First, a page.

...Also, wouldn't there be horizontal veins coming off the central vein - none of the leaves show additional veins although they seem to be articulated well enough that they should show the smaller veins (?).

Depends on the preservation; if there is no sign of them, and the preservation is such that you think they should show, then my idea is just a red herring. ;)

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Missourian

It reminds me of crabgrass. :)

Otherwise, I too am scratching my head on that one.

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hitekmastr

It reminds me of crabgrass. :)

Otherwise, I too am scratching my head on that one.

I think the stems are the ribs of the leaves and the leaves SEEM to be arranged one after the other on the same stalk. It does look like crabgrass, but it's like a series of very long leaves that grow on a single rib (or "stem") all in a line - there are some houseplants that look like this, that have all the leaves in a row sharing the same rib (or "stem") - and flat like this. But...is this a separate species like those houseplants, or is it just a variation of something familiar from a different angle or stripped down or whatever? I think because there are several of these all showing the same morphology, they are a kind of branching vine plant that has the leaves lined up on the same vine and the "stem" of the vine also functions as the central rib. I also would venture to suggest that this might be a carryover of one of the more primitive vining plants that are said to exist in previous periods, that could not support themselves to grow upright so they grew as vines - and also, those primitive plants didn't have veins and it appears that the leaves on these "stacked" leaves also don't show any sign of veining.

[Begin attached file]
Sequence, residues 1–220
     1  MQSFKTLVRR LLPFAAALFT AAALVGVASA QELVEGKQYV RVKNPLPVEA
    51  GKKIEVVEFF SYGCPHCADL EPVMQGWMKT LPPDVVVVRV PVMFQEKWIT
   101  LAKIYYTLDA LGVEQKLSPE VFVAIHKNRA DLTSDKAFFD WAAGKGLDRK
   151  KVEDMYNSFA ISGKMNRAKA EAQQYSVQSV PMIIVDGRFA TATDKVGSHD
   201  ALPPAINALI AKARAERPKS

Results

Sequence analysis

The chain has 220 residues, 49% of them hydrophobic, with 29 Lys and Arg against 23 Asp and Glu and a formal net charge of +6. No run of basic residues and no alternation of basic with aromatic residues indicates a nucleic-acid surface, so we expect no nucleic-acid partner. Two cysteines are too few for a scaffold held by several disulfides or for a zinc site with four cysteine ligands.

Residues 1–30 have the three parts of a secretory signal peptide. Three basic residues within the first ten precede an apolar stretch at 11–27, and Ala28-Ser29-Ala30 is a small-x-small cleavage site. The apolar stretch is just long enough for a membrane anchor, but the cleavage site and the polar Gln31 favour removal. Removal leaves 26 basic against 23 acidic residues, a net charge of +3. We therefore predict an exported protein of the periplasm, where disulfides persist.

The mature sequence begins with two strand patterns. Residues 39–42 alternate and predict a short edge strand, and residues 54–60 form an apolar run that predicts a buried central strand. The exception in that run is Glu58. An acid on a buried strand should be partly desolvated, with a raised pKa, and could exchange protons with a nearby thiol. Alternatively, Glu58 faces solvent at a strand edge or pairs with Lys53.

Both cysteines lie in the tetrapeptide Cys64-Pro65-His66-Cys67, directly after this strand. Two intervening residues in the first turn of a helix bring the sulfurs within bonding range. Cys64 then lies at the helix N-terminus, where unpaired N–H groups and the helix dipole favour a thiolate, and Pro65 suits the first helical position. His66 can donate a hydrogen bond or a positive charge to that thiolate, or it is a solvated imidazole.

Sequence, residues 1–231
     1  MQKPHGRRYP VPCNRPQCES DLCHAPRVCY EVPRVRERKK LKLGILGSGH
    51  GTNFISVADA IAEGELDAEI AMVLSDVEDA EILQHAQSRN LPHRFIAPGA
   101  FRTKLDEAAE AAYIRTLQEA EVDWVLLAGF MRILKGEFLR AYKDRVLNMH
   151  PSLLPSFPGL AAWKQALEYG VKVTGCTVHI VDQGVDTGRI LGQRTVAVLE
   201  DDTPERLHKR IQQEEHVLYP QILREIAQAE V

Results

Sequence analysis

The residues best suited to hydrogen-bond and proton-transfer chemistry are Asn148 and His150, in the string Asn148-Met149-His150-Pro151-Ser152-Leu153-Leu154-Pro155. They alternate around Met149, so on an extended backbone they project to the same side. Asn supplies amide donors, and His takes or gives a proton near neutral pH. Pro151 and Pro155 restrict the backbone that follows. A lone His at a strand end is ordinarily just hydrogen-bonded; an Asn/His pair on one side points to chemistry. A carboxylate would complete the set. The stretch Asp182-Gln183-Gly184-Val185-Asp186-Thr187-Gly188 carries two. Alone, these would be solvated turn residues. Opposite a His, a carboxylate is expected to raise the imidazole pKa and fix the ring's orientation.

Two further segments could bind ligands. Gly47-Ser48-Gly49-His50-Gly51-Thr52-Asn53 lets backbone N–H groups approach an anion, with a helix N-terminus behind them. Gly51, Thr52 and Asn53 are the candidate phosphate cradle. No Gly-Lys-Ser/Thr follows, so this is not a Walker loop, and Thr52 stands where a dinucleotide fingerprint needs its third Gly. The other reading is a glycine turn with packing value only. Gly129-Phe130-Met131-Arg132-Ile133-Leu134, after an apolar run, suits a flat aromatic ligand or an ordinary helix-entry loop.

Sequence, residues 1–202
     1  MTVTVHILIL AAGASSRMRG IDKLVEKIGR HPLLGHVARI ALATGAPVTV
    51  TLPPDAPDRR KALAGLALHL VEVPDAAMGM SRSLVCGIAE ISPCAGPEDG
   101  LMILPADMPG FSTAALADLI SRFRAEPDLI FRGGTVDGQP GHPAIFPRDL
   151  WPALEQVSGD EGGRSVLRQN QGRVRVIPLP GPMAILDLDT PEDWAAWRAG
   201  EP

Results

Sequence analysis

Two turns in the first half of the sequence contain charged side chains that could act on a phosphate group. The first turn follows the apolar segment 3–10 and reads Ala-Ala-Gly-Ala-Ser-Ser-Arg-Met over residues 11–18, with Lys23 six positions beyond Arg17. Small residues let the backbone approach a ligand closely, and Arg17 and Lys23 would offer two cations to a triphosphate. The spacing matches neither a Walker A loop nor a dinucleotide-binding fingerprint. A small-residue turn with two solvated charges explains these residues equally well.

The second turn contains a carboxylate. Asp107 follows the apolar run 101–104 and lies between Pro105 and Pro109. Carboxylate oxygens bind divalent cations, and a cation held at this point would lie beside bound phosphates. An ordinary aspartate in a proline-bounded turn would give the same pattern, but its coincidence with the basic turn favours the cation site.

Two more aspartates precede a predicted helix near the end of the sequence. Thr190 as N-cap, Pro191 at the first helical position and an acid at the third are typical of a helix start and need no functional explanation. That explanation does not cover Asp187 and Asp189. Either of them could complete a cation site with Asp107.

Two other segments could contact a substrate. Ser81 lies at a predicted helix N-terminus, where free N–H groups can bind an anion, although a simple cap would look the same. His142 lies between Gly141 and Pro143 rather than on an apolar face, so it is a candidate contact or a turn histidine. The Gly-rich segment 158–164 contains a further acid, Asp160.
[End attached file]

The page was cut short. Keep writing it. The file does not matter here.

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hitekmastr

I am not certain on this, but I have always associated what you found with "roots". To what plant they belong I can't be sure; Calamites is my best guess.

I say this because I found the same looking fossils in Paleosols with massive amounts of the "root" or "rhizome" system. I'm talking big like many square

feet of the stuff all intact and connected.

That makes sense, except these look more like very long thin stems with flat elongated leaves arranged one after the other along the stem, without any veins, and where the stem appears to also function as a middle vein. It's almost like a modern creeping vine or some sort with the long leaves arranged right on the stem. The leaves also appear to be segmented and all the same relative size.

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paleoflor

It might be worth looking into the form-genera Pinnularia and Myriophyllites. These represent sphenophyte rootlets.

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hitekmastr

It might be worth looking into the form-genera Pinnularia and Myriophyllites. These represent sphenophyte rootlets.

Great idea - thanks! I hadn't thought of these being rootlets of a fossil vine such as sphenophyte. I've been looking at leaves, stems, bark from St. Clair, and we have a very nice collection of (stigmaria) tree roots - but I had never thought much about the fact that ferns and creeping vines from this period also have roots. Surprising that I hadn't thought much about that so your note is very insightful!!! Nice obervation!